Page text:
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Light Stealer

James Barclay

PS Publishing

UK Hardcover First

ISBN 1-902-880-62-5

Publication Date: 02-15-2003

89 Pages; $40.00

Date Reviewed: 03-31-03  

Reviewed by Rick Kleffel © 2003



Fantasy, Science Fiction

04-29-02, 05-02-02, 01-27-03, 03-26-03, 08-30-03

Action-packed fantasy is not the place one would expect to find what Joe R. Lansdale so cleverly called 'big thinks'. Politically relevant pondering on the effects of scientific research and war, complex networks of advanced weaponry, and abstruse, mathematically-based calculations are not the usual purview of what we think of as fantasy fiction. James Barclay is clearly working to change that, and his latest novella, 'Light Stealer' is a gripping, thrilling and thought-provoking tale of technology, politics and power. He revels in one of the corollaries of Clarke's Law; in Barclay's work, a sufficiently advanced magic is indistinguishable from technology.

'Light Stealer' is set long before Barclay's other novels of Balaia. The protagonist is Septern, a master mage who is intellectually brilliant but politically childish. When he discovers a powerful new spell that in theory could bring an end to all creation, he's anxious to announce his discovery and receive the adulation he deserves. He's working in an isolated mansion with four interns, all powerful magicians in their own right. In spite of the advice given to him by his own students, he decides to go an announce his discovery to the other colleges of magic, even though there is currently a war between well, everybody -- the colleges and the savage, Wytch-Lord led Wesmen.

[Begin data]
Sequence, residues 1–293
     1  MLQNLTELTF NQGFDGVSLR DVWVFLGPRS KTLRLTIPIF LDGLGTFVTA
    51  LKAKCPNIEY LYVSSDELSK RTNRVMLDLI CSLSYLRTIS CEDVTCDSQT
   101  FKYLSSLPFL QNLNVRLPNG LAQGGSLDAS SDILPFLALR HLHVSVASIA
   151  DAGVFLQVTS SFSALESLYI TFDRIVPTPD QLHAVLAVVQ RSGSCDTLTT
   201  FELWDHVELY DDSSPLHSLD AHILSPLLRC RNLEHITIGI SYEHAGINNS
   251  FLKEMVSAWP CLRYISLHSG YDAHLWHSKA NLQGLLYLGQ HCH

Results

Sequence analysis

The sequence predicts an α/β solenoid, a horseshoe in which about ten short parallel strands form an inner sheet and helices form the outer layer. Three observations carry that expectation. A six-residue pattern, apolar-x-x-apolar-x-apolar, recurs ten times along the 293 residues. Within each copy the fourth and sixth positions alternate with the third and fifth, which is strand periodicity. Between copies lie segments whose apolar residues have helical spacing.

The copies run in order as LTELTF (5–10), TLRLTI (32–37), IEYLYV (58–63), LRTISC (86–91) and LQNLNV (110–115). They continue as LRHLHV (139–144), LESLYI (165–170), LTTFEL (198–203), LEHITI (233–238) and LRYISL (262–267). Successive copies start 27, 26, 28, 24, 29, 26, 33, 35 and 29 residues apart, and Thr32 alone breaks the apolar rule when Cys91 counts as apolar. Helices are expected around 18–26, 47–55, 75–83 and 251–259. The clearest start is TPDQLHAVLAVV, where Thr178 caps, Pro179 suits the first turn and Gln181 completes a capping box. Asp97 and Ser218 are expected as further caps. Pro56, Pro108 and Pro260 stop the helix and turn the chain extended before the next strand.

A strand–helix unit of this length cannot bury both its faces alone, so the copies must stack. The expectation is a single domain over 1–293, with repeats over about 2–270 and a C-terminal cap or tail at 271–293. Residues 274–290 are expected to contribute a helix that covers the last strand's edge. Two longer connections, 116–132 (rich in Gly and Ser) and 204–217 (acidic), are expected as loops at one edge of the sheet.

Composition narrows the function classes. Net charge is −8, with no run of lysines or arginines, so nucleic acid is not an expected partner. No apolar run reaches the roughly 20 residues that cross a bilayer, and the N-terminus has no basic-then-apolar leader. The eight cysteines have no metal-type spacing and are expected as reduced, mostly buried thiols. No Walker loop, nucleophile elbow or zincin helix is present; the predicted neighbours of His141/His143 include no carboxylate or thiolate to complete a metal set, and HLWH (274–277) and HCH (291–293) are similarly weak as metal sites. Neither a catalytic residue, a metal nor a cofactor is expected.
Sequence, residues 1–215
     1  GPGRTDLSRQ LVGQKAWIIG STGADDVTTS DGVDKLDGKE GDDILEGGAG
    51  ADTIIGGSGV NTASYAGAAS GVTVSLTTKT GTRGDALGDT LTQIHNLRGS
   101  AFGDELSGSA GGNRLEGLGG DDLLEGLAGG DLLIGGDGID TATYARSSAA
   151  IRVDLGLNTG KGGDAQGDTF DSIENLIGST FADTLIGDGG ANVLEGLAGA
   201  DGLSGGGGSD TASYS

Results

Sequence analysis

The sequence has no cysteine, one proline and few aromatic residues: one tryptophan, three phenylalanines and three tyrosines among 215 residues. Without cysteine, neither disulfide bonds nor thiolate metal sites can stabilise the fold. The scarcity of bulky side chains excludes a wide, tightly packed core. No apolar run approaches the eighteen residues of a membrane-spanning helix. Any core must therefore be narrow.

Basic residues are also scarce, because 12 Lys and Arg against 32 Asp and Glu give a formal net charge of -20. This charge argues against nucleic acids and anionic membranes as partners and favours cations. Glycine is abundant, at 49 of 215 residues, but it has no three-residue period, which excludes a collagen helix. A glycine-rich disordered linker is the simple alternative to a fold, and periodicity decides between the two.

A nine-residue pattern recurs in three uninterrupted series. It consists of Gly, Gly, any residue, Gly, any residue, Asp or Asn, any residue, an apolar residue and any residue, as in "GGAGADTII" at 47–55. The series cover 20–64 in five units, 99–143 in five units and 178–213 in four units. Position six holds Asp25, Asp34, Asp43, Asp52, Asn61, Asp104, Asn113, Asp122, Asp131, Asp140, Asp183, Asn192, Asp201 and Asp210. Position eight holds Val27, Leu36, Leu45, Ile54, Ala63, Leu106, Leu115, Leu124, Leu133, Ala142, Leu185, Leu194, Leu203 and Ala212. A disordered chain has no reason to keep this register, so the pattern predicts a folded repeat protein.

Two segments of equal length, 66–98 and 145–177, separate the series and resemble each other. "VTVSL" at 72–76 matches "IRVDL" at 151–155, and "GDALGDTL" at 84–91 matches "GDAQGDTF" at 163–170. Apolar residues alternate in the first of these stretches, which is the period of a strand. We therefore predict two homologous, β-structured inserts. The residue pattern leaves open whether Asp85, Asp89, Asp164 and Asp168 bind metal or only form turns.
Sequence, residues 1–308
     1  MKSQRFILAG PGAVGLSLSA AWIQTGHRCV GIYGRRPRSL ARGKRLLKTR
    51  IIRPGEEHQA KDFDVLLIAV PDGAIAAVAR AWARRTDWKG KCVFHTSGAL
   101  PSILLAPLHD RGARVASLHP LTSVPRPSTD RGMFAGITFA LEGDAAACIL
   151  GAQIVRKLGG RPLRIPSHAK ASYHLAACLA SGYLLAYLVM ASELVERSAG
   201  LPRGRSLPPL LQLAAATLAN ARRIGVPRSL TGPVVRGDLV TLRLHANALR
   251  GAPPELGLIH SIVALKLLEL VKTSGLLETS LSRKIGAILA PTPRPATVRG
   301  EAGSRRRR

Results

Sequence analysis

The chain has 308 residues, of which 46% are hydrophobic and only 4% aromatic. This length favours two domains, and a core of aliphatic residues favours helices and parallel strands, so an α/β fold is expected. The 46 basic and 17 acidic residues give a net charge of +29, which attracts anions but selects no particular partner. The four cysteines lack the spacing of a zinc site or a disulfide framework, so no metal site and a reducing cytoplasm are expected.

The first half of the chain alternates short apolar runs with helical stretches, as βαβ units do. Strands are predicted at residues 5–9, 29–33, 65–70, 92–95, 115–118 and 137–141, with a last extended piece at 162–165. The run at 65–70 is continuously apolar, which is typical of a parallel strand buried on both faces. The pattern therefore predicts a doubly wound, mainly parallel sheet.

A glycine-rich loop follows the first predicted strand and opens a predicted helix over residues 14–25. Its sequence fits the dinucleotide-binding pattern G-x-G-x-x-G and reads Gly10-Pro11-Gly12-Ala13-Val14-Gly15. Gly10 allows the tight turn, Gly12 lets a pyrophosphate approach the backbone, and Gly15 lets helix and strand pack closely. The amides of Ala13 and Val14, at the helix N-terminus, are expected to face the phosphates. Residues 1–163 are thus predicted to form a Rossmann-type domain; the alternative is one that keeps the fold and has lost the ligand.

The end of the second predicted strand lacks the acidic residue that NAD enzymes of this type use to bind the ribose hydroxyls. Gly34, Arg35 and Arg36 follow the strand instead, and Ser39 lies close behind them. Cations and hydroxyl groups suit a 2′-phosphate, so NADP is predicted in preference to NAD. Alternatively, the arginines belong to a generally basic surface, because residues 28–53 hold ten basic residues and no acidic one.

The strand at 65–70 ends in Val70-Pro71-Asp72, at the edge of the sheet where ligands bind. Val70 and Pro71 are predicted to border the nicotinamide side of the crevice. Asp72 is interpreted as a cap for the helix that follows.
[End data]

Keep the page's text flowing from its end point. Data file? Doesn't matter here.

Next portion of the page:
Barclay's prose crackles, and his scenes might as well have been set with a 70mm Dolby-sound big screen theater. Septern's discovery and his unwillingness to think about the consequences of a Doomsday weapon are strikingly resonant to those of us in the post-atomic era. Once Septern takes his leave of the interns and the mansion, the action cranks quickly into high gear. We're given a very organized magic that seems more technological than most machinery described in science fiction, and a breechcloth and fire-spells version of 'Assault on Precinct 13'. Barclay pulls some stunning imagery out this situation and resolves it nicely enough with a twist. Clearly, there is room for more adventures of Septern, and I can't wait for PS Publishing to bring them out. 'Light Stealer' also boasts a gorgeous Edward Millar cover painting, which for some might be worth the price of admission. 'Light Stealer' is alas, a one-day reading experience. Pick a nice day before you open the book.